Frustratingly, the article also quotes a doctor saying "RA back then was a terrible disease." While I realize that the consequences of the disease were certainly worse "back then," is it really fair to say that the disease itself is any less terrible today? If I haven't found a treatment that takes away my pain and fatigue, am I suffering any less than someone "back then"?

I feel like the tone of the article suggests that RA today just isn't that bad, that you just take the medicine and that makes it easy to deal with, which I feel is misleading. Adjusting to a life with RA is a lot of work, and RA patients need support from their families, friends, the medical community, and from society as a whole. Articles that make RA look like its not that bad make those of us with RA look like a bunch of whiners, which I think can sometimes make people reluctant to offer help. But in reality, most people I know (in life or online) with RA are strong and can deal with a lot - probably more than they should - before they ask for help. Myself included.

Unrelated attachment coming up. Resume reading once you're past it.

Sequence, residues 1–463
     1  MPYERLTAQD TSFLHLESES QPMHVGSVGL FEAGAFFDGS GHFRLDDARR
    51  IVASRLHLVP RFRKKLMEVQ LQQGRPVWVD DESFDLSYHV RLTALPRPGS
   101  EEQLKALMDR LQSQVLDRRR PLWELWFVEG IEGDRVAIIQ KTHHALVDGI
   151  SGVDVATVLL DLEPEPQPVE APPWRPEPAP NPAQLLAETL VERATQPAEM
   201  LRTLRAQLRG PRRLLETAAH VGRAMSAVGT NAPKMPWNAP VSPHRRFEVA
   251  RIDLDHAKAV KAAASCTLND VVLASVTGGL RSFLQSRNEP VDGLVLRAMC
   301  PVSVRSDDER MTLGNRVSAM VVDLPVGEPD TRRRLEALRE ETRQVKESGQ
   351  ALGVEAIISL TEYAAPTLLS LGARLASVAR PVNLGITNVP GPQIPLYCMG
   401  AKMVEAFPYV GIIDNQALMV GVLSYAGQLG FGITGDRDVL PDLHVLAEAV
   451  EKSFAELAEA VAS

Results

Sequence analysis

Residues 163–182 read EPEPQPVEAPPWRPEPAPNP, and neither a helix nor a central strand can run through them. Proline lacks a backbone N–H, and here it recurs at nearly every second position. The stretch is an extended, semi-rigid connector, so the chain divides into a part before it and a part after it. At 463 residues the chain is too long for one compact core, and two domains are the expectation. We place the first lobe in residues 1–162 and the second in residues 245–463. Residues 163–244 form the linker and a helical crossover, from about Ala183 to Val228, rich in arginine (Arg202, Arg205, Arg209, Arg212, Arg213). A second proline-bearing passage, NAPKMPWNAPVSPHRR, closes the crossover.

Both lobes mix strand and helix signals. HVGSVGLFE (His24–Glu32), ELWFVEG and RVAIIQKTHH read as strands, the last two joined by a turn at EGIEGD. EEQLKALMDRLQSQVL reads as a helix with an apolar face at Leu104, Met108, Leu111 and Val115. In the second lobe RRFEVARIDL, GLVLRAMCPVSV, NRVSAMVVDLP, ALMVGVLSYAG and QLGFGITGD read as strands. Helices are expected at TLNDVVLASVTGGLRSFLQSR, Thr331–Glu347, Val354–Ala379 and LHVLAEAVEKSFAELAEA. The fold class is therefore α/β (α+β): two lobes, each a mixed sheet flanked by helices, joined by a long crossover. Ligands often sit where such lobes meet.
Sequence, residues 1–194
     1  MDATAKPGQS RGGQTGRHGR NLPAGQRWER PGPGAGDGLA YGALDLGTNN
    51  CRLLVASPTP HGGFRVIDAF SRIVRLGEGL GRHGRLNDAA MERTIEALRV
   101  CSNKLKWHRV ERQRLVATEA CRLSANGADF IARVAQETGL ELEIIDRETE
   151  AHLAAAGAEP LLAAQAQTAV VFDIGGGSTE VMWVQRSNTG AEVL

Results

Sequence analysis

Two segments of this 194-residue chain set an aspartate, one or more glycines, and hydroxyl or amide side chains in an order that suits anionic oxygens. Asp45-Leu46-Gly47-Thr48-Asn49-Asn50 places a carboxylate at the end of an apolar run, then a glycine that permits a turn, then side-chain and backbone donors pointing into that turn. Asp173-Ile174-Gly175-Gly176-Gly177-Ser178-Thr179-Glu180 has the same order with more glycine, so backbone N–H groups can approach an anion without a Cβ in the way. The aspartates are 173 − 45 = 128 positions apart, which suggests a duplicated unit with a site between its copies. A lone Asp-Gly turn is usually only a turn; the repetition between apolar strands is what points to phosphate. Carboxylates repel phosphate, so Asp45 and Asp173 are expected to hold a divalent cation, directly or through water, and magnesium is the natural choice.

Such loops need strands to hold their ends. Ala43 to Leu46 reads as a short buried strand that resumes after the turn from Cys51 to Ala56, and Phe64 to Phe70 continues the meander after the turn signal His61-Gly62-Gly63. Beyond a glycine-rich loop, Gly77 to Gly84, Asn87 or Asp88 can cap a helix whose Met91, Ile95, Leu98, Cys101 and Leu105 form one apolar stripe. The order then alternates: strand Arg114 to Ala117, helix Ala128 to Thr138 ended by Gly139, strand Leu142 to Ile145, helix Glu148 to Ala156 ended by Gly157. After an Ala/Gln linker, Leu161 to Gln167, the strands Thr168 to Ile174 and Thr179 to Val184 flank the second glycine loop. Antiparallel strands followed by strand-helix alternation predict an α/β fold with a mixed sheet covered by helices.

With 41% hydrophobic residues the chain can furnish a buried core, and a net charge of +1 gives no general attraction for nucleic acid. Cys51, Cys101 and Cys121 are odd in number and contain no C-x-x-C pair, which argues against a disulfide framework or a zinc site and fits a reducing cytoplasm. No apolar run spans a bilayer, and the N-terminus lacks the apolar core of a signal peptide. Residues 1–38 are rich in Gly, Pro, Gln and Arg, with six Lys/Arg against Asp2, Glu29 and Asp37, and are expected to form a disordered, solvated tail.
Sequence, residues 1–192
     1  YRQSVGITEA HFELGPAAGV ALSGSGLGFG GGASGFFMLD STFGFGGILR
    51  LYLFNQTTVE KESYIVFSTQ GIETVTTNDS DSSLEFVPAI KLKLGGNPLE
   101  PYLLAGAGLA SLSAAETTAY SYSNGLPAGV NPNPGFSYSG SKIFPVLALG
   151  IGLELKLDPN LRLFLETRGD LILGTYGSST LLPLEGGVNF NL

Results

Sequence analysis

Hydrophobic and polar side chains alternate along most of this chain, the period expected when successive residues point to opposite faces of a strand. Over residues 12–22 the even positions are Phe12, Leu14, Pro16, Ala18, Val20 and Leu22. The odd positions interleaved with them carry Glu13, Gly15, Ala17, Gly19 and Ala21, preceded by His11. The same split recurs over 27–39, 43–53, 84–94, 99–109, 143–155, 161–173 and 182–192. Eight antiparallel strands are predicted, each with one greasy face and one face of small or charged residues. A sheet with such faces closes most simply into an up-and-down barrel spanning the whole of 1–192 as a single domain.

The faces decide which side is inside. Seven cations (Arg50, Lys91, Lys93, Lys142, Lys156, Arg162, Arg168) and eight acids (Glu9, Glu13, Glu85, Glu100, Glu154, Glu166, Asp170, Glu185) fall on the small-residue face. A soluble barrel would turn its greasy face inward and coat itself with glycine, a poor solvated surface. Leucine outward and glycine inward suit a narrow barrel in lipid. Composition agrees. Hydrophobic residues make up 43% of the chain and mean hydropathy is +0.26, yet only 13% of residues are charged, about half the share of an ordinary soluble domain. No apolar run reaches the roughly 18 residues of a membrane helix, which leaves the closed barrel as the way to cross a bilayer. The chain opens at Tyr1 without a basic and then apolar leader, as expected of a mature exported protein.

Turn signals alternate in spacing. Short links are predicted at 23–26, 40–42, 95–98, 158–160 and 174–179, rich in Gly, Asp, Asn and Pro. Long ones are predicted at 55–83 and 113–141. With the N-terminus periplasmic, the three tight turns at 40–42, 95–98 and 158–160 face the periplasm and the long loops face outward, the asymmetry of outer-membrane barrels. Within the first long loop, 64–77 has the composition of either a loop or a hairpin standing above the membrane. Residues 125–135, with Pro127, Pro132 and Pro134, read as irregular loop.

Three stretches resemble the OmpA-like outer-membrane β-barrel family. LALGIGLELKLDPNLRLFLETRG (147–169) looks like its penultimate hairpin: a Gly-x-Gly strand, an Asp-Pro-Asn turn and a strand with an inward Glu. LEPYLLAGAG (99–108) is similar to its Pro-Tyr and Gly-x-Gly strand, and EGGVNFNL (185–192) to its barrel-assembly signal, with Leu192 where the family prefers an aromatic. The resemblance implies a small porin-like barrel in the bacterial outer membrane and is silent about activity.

Unfortunately, my frustration with ABC and this article grew even more when I saw that the author of one of my favorite RA blogs, RA Warrior, had not one but two of her comments removed from the article by ABC. I have seen Kelly's comments on other articles and she is always respectful, so I thought that was particularly frustrating. Why would they remove the comment of a polite dissenter? Without explanation? That's just disrespectful.

But, the good news is that Kelly and others with RA are doing what they can to teach the world the true story of what RA is like, to encourage people to provide the help and support that we need, and I think that is certainly something to be hopeful about.

::deep breath:: I need to stop feeling so riled up and get back to the mountains of homework I need to accomplish this week. If I can.


Kelly Young said...